BoG steadfast in fighting inflation


…dismisses speculation about profit motives

By Joshua Worlasi AMLANU

The Bank of Ghana has once again underscored its unwavering commitment to achieving price and financial stability, dismissing suggestions that it would deliberately keep interest rates elevated to generate profits.

The central bank’s stance comes amid elevated inflationary pressures and a delicate balancing act between curbing rising prices and supporting sustainable economic growth.

In its previous Monetary Policy Committee (MPC) meeting, the Bank of Ghana maintained the monetary policy rate at 29 percent, citing persisting upside risks to inflation. This decision underscores its resolute focus on bringing inflation down to its medium-term target, which it deems a precondition for ensuring economic growth and improving the welfare of the Ghanaian population.

“Bringing inflation down to the target level is a precondition for achieving sustainable economic growth and, over the long-term, ensuring economic prosperity in Ghana and increasing the welfare of the population,” Director of Communications at BoG Bernard Otabil, said in an interview.

The decision to hold rates steady amid inflationary pressures has sparked speculation in some quarters that the Bank of Ghana might be inclined to keep borrowing costs elevated to generate profits. However, the Director of Communications categorically dismissed such claims, emphasising that central banks are not commercial entities driven by profit motives.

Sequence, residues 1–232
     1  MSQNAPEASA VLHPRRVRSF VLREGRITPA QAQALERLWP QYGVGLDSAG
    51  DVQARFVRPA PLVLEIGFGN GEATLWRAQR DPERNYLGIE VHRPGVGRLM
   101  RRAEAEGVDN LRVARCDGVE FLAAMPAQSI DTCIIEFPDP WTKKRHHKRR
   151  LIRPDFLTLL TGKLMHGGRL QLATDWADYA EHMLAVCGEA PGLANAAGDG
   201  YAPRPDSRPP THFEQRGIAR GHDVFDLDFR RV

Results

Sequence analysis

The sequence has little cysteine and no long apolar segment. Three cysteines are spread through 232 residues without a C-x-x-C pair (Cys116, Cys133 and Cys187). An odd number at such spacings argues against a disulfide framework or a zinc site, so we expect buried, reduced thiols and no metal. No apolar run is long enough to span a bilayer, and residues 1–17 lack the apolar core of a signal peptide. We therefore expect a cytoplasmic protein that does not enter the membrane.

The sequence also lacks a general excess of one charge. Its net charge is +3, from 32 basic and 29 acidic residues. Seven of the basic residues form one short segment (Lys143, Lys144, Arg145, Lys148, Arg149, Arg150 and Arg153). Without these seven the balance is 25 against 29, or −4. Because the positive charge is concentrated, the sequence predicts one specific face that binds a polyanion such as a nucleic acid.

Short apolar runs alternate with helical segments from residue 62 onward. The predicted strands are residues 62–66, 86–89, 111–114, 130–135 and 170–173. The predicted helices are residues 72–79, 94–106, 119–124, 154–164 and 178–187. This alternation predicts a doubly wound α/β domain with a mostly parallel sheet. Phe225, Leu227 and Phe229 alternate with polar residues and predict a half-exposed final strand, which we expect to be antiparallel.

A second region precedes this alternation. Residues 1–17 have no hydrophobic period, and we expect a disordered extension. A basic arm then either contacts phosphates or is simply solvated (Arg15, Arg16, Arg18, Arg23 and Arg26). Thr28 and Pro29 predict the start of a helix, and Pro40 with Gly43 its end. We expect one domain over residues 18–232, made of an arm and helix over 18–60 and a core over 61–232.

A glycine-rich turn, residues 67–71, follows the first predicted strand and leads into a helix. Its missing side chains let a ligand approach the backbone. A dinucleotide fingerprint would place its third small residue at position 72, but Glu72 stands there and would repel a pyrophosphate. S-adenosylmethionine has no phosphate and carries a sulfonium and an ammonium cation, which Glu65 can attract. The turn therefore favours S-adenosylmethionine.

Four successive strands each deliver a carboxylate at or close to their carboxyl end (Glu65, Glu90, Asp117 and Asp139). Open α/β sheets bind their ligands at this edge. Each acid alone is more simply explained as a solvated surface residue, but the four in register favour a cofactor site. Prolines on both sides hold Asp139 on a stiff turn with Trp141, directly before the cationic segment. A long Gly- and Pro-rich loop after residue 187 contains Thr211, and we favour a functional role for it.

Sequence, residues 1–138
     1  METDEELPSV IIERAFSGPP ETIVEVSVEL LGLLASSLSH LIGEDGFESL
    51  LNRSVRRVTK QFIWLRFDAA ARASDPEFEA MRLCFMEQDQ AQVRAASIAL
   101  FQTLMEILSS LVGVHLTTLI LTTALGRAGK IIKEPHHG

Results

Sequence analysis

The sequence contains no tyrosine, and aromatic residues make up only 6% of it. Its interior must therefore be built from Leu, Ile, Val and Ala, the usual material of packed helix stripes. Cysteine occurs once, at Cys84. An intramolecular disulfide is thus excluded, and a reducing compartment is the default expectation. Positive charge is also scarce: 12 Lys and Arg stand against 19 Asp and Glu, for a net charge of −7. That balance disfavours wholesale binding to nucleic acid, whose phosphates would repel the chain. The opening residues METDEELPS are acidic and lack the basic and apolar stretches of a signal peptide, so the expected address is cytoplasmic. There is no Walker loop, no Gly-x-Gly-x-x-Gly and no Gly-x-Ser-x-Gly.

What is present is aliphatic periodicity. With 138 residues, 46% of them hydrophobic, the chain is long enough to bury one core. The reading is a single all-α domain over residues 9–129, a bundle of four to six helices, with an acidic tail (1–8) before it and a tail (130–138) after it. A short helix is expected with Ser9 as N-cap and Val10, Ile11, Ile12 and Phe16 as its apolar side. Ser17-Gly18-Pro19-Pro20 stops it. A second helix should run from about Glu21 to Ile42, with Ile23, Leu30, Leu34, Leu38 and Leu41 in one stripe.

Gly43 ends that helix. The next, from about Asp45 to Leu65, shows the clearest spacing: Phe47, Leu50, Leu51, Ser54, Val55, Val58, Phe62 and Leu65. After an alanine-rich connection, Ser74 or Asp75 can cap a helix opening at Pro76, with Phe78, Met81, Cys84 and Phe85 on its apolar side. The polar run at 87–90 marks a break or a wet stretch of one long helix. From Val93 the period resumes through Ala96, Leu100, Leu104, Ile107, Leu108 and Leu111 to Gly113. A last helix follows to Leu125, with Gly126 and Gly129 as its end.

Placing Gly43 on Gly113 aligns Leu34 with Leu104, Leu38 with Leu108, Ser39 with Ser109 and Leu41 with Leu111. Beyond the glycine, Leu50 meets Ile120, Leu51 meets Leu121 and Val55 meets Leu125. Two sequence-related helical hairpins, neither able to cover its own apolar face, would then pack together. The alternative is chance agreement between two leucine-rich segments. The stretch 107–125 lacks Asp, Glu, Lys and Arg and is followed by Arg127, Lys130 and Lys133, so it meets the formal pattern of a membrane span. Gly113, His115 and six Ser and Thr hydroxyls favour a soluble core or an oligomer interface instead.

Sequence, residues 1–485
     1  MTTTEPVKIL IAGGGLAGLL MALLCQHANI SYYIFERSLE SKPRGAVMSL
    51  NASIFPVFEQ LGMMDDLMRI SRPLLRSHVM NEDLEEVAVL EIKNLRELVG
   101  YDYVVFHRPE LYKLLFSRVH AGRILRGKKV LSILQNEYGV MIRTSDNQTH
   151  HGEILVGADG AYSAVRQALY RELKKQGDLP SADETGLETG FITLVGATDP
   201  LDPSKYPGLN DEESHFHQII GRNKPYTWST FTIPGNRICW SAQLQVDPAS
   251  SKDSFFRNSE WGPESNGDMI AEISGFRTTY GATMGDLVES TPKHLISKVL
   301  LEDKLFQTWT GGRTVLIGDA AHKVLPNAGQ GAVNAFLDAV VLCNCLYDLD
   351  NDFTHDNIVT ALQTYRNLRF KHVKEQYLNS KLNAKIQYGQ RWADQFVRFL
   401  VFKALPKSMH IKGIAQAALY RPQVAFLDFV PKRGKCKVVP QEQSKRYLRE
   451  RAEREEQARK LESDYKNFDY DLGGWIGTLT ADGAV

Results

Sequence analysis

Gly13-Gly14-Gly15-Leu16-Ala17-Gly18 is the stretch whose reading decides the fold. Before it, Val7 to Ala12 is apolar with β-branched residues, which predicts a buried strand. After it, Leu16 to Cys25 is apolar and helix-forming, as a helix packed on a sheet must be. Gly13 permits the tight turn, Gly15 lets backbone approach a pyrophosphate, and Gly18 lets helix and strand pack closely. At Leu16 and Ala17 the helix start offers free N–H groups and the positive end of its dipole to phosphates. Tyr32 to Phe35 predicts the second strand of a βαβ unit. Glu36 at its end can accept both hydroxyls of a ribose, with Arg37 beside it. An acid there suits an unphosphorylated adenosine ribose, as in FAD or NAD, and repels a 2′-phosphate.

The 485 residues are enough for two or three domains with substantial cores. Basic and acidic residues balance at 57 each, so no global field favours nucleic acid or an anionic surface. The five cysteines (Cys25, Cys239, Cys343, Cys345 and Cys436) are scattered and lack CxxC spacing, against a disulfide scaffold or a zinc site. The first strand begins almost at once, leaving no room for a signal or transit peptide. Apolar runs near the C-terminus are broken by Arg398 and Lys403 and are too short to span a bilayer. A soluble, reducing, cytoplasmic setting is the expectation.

“Anyone who would make such a claim perhaps does not fully understand central banking because high interest rates are inimical to the operations of central banks,” Mr. Otabil said. “High interest rates raise the cost of open market operations and lead to substantial losses.”

He stressed that central banks are mandated to provide the public good of low and stable inflation, even if it means incurring losses in pursuit of that objective.

“Central banks, by the nature of their work, are supposed to provide a public good and that public good is low and stable inflation, which comes at a cost,” Otabil stated, adding: “Indeed, a central bank can incur losses, have negative accounting equity and still function effectively—a loss does not imply a loss of policy effectiveness.”

Otabil underscored that the Bank of Ghana’s mandate is to achieve price stability and it cannot trade off this objective for profits.

“However, it is essential to recognise that central banks are mandated to provide the public good of low and stable inflation and cannot trade off the policy objective of stable inflation for profits,” he said.

The central bank’s commitment to fighting inflation comes as its inflation expectations survey across banking, consumer and business sectors has indicated overall stability in future inflation expectations. However, global factors and domestic pressures continue to pose challenges.

While global inflation has continued to alleviate, primarily due to declining food and energy prices coupled with tight monetary policies worldwide, persistent tight labour markets and the enduring effects of currency depreciation have sustained underlying inflation pressures in Ghana.

Mr. Otabil acknowledged the complex nature of monetary policy operations and the need for humility in navigating economic uncertainties.

“The unique nature of central banks is that sometimes losses are the price they pay for meeting objectives—ensuring stable prices, keeping the financial system safe and stable, and supporting growth We perform monetary policy operations with humility because the economy is not deterministic,” he concluded.

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